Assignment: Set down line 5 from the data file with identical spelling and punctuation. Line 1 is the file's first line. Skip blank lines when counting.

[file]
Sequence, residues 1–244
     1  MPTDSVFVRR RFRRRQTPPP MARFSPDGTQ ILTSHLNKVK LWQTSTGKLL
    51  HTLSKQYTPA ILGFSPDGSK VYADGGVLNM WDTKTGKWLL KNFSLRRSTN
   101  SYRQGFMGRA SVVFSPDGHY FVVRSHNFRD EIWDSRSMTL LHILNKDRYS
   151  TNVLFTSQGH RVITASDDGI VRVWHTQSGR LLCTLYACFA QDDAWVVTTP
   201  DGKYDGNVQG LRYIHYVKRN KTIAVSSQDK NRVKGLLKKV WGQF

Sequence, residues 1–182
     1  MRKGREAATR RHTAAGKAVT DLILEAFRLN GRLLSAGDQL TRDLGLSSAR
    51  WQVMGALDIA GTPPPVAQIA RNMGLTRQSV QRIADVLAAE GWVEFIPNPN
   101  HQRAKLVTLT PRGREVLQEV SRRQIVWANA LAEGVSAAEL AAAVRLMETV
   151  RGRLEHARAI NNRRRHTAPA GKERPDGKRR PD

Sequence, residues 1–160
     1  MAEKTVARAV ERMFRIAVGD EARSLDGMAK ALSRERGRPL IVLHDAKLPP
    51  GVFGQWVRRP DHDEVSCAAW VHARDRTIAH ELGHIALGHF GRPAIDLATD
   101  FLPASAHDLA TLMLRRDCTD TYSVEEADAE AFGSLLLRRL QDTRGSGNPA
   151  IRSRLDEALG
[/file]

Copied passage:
   151  TNVLFTSQGH RVITASDDGI VRVWHTQSGR LLCTLYACFA QDDAWVVTTP